In terms of its use in Namibia, one of the key characteristics of biochar is its capacity for increasing the amount of water held in the soil. The images below show the porous structure of charcoal which give it that capacity. This structure also provides a perfect substrate for bacterial and fungal growth essential for healthy soil.
It is very important that the charcoal is prepared properly before application. This is done by adding the dry biochar to a mixture of water and nutrients, then soaking it for a suitable period. We refer to this as ‘charging’.
The addition of charged biochar at suitable application rates, in this case we start with between 5 and 20 tonnes per hectare equivalent, rapidly increases soil fertility. Soil flora and hence fauna will thrive over time and establish a healthy productive stabilised soil.
Another advantage of adding carbon/charcoal to the soil is to reduce atmospheric carbon and reduce greenhouse gases, helping to attenuate climate change.
Soluble soil nutrients and minerals dissolved in the water are also held in the soil longer. Leaching from the soil is decreased. Also plant root hairs can penetrate the biochar structure and absorb nutrients more efficiently.
Biochar also decreases acidity. It may not produce a rich soil as found in more temperate climes but it can, in conjunction with good land management, help produce a soil that is sustainable and productive.
Any dry biomass can be pyrolyse to form charcoal. In India the SFP has used many types of locally grown unwanted agricultural waste and invasive species of thorn bush to make biochar. Chipped Prosopis wood and paddy (rice) straw amongst them. The same type of materials could be used in Africa.
Surprisingly Namibia is a major exporter of charcoal. Most of this is made from problematic invasive species that choke rivers and drive out indigenous species by aggressively seeking water.
The government is offering subsidies to farmers for which in return they clear portions of their land of these invader species. Other entrepreneurial farmers have then bought the charcoal made from this ‘waste product’, sorted, graded, bagged it and sold it to chainstores in Europe. This has become an important small industry in Namibia providing many jobs.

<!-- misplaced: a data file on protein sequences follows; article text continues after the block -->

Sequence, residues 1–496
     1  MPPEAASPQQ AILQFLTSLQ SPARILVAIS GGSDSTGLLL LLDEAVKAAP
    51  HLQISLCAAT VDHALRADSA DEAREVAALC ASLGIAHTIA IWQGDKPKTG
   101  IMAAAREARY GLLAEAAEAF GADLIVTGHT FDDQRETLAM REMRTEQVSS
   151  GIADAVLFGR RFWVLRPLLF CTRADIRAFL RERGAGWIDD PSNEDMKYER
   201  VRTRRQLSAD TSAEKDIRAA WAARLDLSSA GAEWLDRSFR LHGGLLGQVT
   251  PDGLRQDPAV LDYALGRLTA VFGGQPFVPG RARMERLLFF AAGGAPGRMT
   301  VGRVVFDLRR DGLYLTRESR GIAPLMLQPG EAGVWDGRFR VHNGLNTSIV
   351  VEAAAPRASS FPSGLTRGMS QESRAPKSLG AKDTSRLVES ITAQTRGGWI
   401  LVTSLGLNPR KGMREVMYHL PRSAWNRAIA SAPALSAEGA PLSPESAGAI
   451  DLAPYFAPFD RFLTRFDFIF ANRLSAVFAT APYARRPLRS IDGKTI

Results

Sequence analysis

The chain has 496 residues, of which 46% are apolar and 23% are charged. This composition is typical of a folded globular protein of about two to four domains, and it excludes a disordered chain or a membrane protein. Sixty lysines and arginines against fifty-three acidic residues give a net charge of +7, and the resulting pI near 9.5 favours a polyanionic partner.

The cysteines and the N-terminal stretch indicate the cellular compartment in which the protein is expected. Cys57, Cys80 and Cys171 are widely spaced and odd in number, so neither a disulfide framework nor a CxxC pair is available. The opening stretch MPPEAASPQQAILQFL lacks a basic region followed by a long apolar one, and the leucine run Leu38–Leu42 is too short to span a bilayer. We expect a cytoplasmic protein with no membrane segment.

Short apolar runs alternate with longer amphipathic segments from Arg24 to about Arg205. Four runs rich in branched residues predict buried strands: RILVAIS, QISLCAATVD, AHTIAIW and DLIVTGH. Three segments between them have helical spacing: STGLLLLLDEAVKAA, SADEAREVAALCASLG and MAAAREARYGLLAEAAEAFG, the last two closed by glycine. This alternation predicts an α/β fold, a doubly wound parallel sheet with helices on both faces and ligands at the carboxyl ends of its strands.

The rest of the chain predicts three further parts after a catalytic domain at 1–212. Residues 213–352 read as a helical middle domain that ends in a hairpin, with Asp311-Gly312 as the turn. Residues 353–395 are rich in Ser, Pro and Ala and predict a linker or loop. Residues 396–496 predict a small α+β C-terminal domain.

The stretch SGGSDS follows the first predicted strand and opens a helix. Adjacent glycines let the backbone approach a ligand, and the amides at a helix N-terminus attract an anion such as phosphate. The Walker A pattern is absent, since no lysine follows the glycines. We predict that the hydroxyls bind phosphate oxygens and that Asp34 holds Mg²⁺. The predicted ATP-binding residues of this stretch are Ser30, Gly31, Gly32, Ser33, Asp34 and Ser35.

One of the byproducts is a charcoal dust that cannot be sold for the same profit as other grades. However this charcoal can be used for soil application and the toxicity analysis mentioned below relates to this type of charcoal. In the Sesfontein area where there is no available biomass to make biochar, this could be the answer and it is one of the things SFP is investigating.
A very important part of our work is to ensure that the char we put into the soil is not in any way toxic. One of the properties of biochar is that it will remain in the soil for a long time. Because of this there is no need to keep applying biochar unless you want to increase the overall concentration. There are many theories on what application rates and overall concentrations should be. Decisions will depend on many factors and needs to be researched thoroughly before large scale application begins. Hence the importance of field trials.
Terra Preta soil in South America was first made by human intervention about 600 years ago and that soil is still fertile and producing crops. So it is very important that we ensure the biochar we use is of a high quality. Much work is being done with respect to this qualification and we are working with scientists in Europe and the US to define best practice.
The chart above is comes from a analytical report compiled by the British Biochar Foundation in the UK. It shows results for charcoal made in Namibia that we want to use for our projects.